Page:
Evidence, Risk, and Safety During the Emergency
During the early times of the emergency, it was difficult to navigate the scientific evidence on the new virus, which was “being produced, published, and disseminated at a rate never seen before” (Renfrew et al., 2020). For this reason, the Italian Istituto Superiore di Sanità4 issued systematic reviews weekly from the end of February. The final report, published on May 31, acknowledges that, initially, local health services had to react on the basis of their organizational availability and that until March, the scientific evidence was still poor and not always consistent (Giusti et al., 2020).
The Voci di Nascita letter acknowledged the medical staff’s efforts in responding to the unprecedented needs that appeared during the pandemic and expressed trust in the good conscience of decision-makers confronted with extraordinary responsibilities. The letter also raised questions as to how the evidence was interpreted and used to drive the implementation of emergency measures. For instance, the letter quotes the WHO infographics5 and abstracts from the guidelines for birth professionals issued by the Emilia-Romagna Regional Health Service, which suggested that one person could accompany the mother during labor and birth6. Why then limit the duration of the presence of the birth partner to the expulsion phase? On the basis of what evidence had similar hospitals in the same city proposed different rules?
Such inquiries recall the accounts of some midwife respondents to the questionnaire, who could not understand the rationale for restricting access to “husbands who had been with women up until 1 min before entering the hospital.” Many interpreted this security measure in terms of a poorly informed, reactionary rule devaluing parents’ rights and babies’ wellbeing—and also complicating midwives’ job during labor and birth. For instance, one midwife wrote:
Restricting access to the delivery room to fathers or an accompanying person has been detrimental to the mother’s rights, the newborn baby, the father. It has undoubtedly harmed the delicate process of birth at various levels. Increasing anxiety and fear in pregnant mothers, altering the dynamics and timing of labor and childbirth, exposing the mother to an excessive emotional and psychological burden postpartum, creating a fertile ground for emotional and psychological repercussions for the mother (Midwife #17).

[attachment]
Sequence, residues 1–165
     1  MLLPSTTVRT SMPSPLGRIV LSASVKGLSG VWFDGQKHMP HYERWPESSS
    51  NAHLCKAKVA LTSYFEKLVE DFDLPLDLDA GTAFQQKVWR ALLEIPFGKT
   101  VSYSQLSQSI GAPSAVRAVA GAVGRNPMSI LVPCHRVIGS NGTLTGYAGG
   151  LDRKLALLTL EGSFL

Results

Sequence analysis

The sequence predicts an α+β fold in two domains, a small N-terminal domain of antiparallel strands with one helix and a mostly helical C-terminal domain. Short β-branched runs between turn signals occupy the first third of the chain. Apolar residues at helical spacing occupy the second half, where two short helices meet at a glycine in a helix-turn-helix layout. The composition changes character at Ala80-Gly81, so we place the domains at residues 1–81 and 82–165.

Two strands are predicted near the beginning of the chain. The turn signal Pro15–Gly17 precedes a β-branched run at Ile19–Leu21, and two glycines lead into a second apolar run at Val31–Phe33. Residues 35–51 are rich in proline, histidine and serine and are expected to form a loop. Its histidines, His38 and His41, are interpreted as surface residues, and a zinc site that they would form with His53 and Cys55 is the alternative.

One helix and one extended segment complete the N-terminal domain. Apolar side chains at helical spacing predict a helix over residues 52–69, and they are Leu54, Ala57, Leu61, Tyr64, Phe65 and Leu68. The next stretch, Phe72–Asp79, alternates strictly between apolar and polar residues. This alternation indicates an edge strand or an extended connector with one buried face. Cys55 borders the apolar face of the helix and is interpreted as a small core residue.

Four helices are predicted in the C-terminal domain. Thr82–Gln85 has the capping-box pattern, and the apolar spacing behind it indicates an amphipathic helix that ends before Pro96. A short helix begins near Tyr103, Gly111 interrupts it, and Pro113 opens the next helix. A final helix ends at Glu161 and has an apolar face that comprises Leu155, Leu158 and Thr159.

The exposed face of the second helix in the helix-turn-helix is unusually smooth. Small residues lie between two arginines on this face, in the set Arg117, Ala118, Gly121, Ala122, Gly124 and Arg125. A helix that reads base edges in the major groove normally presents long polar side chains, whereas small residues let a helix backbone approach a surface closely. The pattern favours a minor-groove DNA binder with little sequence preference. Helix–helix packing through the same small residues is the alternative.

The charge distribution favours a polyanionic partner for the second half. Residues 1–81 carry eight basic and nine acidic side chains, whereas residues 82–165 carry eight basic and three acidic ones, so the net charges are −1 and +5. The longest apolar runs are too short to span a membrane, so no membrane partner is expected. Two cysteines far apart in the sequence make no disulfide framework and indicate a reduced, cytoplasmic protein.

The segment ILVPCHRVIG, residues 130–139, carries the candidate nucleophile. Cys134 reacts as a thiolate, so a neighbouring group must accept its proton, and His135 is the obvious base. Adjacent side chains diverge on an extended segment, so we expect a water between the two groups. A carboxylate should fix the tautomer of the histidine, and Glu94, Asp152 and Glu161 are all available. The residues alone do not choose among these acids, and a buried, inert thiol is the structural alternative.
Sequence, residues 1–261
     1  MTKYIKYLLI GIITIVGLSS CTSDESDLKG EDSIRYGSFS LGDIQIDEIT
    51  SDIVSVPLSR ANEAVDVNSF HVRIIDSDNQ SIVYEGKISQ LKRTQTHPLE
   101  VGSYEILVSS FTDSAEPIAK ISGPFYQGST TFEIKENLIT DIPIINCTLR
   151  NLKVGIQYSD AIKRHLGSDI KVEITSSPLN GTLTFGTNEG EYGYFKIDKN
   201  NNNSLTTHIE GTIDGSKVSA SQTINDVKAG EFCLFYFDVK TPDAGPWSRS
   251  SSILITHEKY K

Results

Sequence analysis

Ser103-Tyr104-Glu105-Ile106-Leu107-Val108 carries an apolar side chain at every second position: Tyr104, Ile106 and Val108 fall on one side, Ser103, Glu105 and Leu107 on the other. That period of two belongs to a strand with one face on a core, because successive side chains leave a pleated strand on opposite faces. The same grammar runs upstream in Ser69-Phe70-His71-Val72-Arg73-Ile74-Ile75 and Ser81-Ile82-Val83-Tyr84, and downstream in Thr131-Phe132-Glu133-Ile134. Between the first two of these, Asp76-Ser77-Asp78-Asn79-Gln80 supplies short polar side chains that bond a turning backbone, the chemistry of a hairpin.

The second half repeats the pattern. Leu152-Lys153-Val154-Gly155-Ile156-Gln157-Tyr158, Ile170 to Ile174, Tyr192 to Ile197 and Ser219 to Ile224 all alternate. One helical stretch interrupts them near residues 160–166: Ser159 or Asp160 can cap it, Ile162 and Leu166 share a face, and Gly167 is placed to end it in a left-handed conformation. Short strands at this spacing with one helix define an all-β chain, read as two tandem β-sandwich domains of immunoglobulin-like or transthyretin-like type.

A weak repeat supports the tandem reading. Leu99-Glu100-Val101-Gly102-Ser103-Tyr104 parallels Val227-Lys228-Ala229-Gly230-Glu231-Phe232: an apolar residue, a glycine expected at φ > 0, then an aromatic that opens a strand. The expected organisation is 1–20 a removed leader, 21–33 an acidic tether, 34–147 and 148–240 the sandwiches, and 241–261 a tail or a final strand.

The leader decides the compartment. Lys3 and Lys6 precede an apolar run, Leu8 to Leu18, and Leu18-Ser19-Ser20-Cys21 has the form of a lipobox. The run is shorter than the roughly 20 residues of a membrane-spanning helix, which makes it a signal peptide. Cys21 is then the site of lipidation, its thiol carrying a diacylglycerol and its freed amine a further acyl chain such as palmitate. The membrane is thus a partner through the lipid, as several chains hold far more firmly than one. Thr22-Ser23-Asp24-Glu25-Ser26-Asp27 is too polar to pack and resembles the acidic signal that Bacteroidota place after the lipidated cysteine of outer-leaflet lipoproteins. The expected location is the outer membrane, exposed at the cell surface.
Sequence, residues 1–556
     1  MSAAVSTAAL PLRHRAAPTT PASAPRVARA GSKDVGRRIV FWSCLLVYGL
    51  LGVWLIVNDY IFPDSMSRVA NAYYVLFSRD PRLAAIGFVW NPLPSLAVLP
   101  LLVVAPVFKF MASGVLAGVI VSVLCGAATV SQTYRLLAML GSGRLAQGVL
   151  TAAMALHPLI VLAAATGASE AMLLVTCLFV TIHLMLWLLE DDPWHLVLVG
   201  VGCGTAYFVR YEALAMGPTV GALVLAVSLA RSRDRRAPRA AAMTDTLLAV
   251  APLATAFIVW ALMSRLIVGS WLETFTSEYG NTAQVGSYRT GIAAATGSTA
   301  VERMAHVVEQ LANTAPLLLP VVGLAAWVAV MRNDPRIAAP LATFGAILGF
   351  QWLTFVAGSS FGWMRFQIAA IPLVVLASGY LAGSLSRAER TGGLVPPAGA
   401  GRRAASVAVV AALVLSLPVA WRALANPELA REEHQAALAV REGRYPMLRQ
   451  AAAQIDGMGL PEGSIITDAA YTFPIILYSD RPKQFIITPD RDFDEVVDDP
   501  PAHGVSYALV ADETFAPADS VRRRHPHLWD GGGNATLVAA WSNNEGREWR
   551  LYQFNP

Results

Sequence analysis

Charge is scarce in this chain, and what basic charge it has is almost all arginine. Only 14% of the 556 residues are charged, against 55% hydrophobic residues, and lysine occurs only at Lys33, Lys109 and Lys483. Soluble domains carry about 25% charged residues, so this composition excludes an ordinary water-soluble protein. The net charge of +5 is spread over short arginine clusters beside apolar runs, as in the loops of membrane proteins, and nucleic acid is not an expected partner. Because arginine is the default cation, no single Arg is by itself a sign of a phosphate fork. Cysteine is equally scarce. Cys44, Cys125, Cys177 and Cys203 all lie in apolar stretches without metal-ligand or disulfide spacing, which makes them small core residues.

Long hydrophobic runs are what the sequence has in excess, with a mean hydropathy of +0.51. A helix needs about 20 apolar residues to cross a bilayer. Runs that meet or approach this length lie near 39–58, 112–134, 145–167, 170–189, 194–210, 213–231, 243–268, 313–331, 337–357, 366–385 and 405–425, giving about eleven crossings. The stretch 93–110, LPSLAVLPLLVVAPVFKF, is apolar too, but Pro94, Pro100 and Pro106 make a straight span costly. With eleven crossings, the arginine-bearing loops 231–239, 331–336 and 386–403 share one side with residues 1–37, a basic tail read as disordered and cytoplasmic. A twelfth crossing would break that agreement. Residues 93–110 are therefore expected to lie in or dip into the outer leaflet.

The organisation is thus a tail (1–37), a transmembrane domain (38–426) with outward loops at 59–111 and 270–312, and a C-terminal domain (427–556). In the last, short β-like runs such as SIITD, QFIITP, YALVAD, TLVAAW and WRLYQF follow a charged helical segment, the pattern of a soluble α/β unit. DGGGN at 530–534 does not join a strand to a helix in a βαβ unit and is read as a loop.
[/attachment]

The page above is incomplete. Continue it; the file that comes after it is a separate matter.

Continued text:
Another commented that:
The exclusion of partners was an absurdity experienced with anguish by women who sometimes turned towards alternatives in the wake of fear instead of awareness—a measure with absolutely no scientific basis: an action against human rights, a violence against parents and babies (Midwife #7).
This midwife raises several crucial issues, including that birthing parents could end up changing their birthplace because of fear. A mother confirmed that she and her partner eventually changed hospitals because “she could not even think” of giving birth without her husband. Some parents in our study wrote that, during COVID-19, they felt out-of-hospital birth could be safer. However, no one planning a hospital birth actually shifted to homebirth. On the other hand, the women who gave birth at home (1 in Bologna and 3 nation-wide)—having previously decided to do so—said that their greatest fear was an emergency transfer to the hospital because they knew they might end up laboring alone.
22% of the birthing mothers in our survey declared that they were, in fact, left alone in the hospital during labor and birth. For example, one woman said that, although she had been assured that her partner could be there, he was only called into the room just after the birth. Partners usually remained outside the hospital premises, waiting to be called by the birthing mother herself or—more likely, given the circumstances—by the midwife on duty. A father said that this situation made him feel “powerless” and the typical scene is decribed by another man, who wrote:
I spent the whole night outside the hospital on the phone with my wife to make her feel my presence and give her courage, even though I was afraid. I left my wife at 9 p.m., and I saw her again at 3 a.m., after labor. I was able to experience the emotion of childbirth during the pushing phase. Despite the restrictions, I was lucky to be there and see my daughter being born (Partner #20).
Fear and luck are recurring expressions in both mothers’ and fathers’ accounts, and a midwife noted that:
Most women have an attitude of acceptance of the restrictions. Some of us received official complaints from inpatients when they realized that we broke the rules when necessary. We endured continuous disputes with our superiors, and we feared being reported by other colleagues. Nowadays, it is more us than women who have been asking for more openness and urging them to stand up for themselves. Fear has been the master, lately (Midwife #11).
This statement echoes the general feeling that most mothers expressed about their birthing experience: in the chaotic times of COVID-19, many women entered the hospital already “tired,” “stressed,” “fearful,” and “disillusioned.” Referring to the initial phase of the emergency, when protocols were not clear and could change from one day to the next, one mother said:
During the last few weeks of pregnancy, we feared that my partner could not be present at the birth. This made me really upset. Luckily, things changed shortly before the birth, and he was able to be there. Otherwise, I would have considered it as violence (Mother #25).